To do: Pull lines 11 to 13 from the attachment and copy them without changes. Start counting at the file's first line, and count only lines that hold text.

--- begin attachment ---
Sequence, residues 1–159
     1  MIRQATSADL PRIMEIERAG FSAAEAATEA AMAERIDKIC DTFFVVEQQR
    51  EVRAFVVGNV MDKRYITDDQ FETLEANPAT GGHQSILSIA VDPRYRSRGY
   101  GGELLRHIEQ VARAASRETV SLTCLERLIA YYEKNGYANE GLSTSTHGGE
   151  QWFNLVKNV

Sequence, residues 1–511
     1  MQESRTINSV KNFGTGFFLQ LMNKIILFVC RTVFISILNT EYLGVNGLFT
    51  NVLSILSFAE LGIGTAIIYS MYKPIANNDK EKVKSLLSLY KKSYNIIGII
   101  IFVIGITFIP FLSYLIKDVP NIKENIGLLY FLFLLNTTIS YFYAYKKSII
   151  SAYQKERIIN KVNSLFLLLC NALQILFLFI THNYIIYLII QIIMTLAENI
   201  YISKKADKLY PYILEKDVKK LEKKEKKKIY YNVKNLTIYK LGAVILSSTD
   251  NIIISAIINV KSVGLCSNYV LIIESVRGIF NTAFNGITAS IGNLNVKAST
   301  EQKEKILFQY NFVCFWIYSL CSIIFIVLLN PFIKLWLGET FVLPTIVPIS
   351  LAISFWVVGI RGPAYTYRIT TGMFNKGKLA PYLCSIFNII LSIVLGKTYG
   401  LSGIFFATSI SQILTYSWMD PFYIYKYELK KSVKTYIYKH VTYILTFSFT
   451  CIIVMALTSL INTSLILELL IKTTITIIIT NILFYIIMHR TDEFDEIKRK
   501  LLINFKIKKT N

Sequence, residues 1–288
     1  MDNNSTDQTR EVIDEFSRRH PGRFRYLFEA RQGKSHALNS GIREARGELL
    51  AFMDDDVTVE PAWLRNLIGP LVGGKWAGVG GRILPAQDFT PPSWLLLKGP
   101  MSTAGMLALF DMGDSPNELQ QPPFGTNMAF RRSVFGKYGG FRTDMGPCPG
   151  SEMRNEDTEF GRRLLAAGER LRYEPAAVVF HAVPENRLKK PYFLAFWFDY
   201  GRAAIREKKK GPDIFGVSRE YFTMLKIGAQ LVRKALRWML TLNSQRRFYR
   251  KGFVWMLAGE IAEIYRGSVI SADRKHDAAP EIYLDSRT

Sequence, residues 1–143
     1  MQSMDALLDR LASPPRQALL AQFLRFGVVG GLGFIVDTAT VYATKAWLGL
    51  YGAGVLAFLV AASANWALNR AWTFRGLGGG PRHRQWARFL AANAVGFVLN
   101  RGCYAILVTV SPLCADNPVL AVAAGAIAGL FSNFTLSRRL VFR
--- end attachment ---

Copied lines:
   201  YISKKADKLY PYILEKDVKK LEKKEKKKIY YNVKNLTIYK LGAVILSSTD
   251  NIIISAIINV KSVGLCSNYV LIIESVRGIF NTAFNGITAS IGNLNVKAST
   301  EQKEKILFQY NFVCFWIYSL CSIIFIVLLN PFIKLWLGET FVLPTIVPIS